of their husbands while the unmarried women perform to get good husbands. Some of the ragas played during this dance are bhairavi,
hussaini and kamboji.
Onam Pookalam: The most common tradition followed in Kerala during the 10 days of Onam is the Pookalam decorations. The word
Pookalam is made from a combination of two words, Poo and Kalam, which means flowers and shape respectively. Onam pookalams are
generally circular in shape and are also known as flower mats.
Vidhya Pallath, Form tutor
Grade 3
Onam at ‘The Aga Khan Academy’
raYT/BaaYaa ka ivakasa
P`aaqaimak ivaBaaga maoM baccaaoM kI
BaaYaa kao ivakaisat krnao ko
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maMcaaoM ka Aayaaojana ikyaa jaata hO taik baccao ApnaI p`itBaaAaoM kao ivakaisat kr sakoM. 14
isatMbar kao baccao raYT/BaaYaa ihMdI ko p`caar p`saar maoM Apnaa yaaogadana donao ko ilae ]%saaiht rhto baccaa raYT/BaaYaa kI ]nnait kao Apnaa ]%trdaiya%va samaJakr Aa%maivaSvaasa ko saaqa Aagao
baZ,kr ]sakI rxaa krnao kI [cCa [email protected] krta hOM.
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maoM ek CaoTa saa p`stutIkrNa ikyaa qaa jaao A%yaMt sarahnaIya hO.ihMdI kao raYT/BaaYaa @yaaoM maanaa
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hue BaI baccaaoM nao ek p`stutIkrNa ikyaa qaa saaqa hI manaaorMjana ko ilae phoilayaaoM ka BaI Aayaaojana
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gau$vaar kao p`aqa-naa saBaa ko maaQyama sao baarI baarI sao sabakao Avasar p`dana ikyaa jaata hO.[sa
daOrana kivata khanaI naaTk evaM SaOxaiNak yaa~a ko p`it Apnaa AnauBava sabako saamanao p`stut
krto hOM.[sasao baccaaoM ko bahumauKI p`itBaaAaoM ka BaI ivakasa haota hO.
BaaYaa hI hmaara ima~ hO, BaaYaa hI hmaara &ana hO.
BaaYaa hI hmaarI Baavanaa hO, BaaYaa ijaMdgaI ka saaQana hO.
BaaYaa ibanaa hma AQaUro hOM II
World Peace day
The International Peace Day, was marked at
the Aga Khan Academy, Hyderabad on the
19th of September, 2014, with various activities with the motto of resolving peace within oneself. The morning assembly got the
students thinking about what peace means
to each one us, with peace words, peace
postures and peace acts. Multiple perspectives were looked into while measuring the
peace temperature of the school, where the
students offered peaceful solutions to hypothetical situations of conflict. They carried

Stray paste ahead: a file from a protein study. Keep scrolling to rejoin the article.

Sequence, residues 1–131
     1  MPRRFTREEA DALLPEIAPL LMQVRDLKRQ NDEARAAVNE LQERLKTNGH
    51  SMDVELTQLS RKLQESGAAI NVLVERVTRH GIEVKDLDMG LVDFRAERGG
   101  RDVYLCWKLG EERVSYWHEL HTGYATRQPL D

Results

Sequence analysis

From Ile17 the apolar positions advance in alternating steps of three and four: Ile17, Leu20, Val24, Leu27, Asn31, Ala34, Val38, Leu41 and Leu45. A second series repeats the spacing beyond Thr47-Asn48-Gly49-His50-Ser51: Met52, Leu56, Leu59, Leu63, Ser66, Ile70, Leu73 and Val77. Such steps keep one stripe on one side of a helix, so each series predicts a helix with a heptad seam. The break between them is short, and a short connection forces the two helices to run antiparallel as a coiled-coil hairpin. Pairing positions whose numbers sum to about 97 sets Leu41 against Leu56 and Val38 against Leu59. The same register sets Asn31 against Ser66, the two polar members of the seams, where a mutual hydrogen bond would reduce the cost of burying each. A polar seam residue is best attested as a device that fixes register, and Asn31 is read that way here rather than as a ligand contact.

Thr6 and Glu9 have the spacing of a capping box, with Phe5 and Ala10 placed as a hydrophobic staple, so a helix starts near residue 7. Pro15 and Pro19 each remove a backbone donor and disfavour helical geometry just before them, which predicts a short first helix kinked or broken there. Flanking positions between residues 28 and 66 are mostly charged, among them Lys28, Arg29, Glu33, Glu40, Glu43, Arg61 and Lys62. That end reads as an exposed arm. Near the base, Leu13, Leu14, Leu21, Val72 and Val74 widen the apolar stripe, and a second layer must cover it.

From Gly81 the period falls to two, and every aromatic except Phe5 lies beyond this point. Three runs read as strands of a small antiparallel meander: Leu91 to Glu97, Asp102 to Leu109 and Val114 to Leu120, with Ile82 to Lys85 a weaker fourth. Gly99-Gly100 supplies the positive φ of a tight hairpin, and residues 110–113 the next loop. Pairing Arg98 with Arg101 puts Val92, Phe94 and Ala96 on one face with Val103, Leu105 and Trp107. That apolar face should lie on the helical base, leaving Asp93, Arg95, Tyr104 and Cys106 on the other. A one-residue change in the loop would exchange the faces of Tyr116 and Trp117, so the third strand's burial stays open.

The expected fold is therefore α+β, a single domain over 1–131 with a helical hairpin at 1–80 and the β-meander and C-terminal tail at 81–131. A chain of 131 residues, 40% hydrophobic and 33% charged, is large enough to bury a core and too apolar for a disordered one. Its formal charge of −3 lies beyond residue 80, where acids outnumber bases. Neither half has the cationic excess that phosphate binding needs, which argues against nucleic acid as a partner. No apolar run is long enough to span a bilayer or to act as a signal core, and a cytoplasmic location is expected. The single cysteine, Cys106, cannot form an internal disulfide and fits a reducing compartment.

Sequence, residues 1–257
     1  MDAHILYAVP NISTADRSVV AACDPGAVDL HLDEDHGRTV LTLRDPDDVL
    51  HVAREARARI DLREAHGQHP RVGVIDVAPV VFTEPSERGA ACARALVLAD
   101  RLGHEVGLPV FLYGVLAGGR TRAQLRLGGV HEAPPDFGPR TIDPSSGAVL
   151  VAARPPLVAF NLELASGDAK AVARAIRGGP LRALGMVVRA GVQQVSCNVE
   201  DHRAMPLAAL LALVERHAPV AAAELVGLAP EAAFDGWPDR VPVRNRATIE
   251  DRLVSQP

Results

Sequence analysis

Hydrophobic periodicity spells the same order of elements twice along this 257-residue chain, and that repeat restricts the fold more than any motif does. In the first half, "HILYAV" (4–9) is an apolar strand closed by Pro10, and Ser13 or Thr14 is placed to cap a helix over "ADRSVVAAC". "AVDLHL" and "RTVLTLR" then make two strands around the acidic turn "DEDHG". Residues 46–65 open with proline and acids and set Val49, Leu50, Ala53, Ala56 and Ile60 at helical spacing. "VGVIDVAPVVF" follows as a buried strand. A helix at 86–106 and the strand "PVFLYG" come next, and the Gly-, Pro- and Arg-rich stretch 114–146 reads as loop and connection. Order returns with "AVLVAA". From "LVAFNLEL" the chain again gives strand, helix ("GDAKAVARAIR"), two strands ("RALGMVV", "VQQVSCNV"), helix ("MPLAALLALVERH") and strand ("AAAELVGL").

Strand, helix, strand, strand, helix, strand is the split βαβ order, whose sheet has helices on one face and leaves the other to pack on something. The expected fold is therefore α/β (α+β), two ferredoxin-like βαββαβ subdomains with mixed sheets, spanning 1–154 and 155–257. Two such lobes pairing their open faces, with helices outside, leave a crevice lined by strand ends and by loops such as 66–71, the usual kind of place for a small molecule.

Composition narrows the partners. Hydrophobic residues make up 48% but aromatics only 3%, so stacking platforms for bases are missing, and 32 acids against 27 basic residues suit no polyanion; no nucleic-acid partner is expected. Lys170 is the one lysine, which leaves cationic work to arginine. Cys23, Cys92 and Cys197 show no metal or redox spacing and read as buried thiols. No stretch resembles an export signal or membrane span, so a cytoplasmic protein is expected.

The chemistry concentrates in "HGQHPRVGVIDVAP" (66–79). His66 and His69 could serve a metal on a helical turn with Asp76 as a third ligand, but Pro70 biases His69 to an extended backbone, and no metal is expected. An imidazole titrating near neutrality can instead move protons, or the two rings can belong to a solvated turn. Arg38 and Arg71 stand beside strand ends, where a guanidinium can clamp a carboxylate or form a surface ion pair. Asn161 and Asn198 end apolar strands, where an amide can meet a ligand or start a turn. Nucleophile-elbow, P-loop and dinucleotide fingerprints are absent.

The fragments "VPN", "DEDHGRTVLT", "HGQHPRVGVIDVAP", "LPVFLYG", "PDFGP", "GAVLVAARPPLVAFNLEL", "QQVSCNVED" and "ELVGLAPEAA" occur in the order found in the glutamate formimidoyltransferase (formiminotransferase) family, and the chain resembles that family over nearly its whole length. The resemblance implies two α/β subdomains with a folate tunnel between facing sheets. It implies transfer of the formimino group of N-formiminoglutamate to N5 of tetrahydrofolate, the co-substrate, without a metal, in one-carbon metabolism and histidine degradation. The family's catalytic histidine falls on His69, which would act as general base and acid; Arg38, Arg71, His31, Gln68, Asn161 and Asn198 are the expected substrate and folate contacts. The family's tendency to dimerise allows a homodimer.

out different activities throughout the day in
their classes by making 'peace cards' for
each other, where they suggested how to
maintain a relationship of love, harmony,
kindness, empathy and peace. Some classes
painted rocks with peace slogans, while
some sparked off discussions about the importance of being ethical as media consumers. A few
classes resolved to begin every day with a short session of meditation to improve focus and concentration. All students contributed towards making of the ‘Peace Tree’ with a leaf of ‘peace wish’.
As IB learners, the students at the academy embrace the “learner profile attributes” as the building blocks of human character. They unanimously agreed to be caring, open-minded, principled
and reflective, and contribute in their small yet significant ways to make their lives harmonious.
Arpita, From tutor Grade 6
Afshine, Grade 2
The library books are so nice,
I like the new seats
we are interested in reading
and the bean bags.
The new library is looking
pretty now with new chairs,
tables and bean bags.
In this library there
are books about our
units and we learn many
things. We are happy to
have our new library.
Aahil, Grade 2
There are many bookshelves
Suhaan, Grade 2
now in the new library and
there are quizzes to do on
the computers.
Rave reviews
for new Junior
School library!
Inaya, Grade 3
We have more space
Mahek, Grade 3
now so no one can
disturb us reading.
I like the new library. It has
interesting books. I like how
it has been set out with so
many shelves and paintings on
the walls and windows.
Sana, Grade 3
We have more books now.
We have interesting and
funny books and some are
about animals and the world.
Shafin, Grade 2
Naomi, Grade 3
The Reading Hub
Our Junior School Library is a sophisticated place with a good collection of books and
non-book materials. It is filled with fiction (picture, pictorial and illustrated) and nonfiction books, which are good reading resources for our children.
The children are gradually developing their skills and adjusting themselves to fit into
the congenial reading and learning environment of our library. It has become an essential area for the students and a useful resource knowledge hub. At the same time,
students’ enhanced reading skills are assisting them to be well managed and dignified,
which is a positive step on their learning path.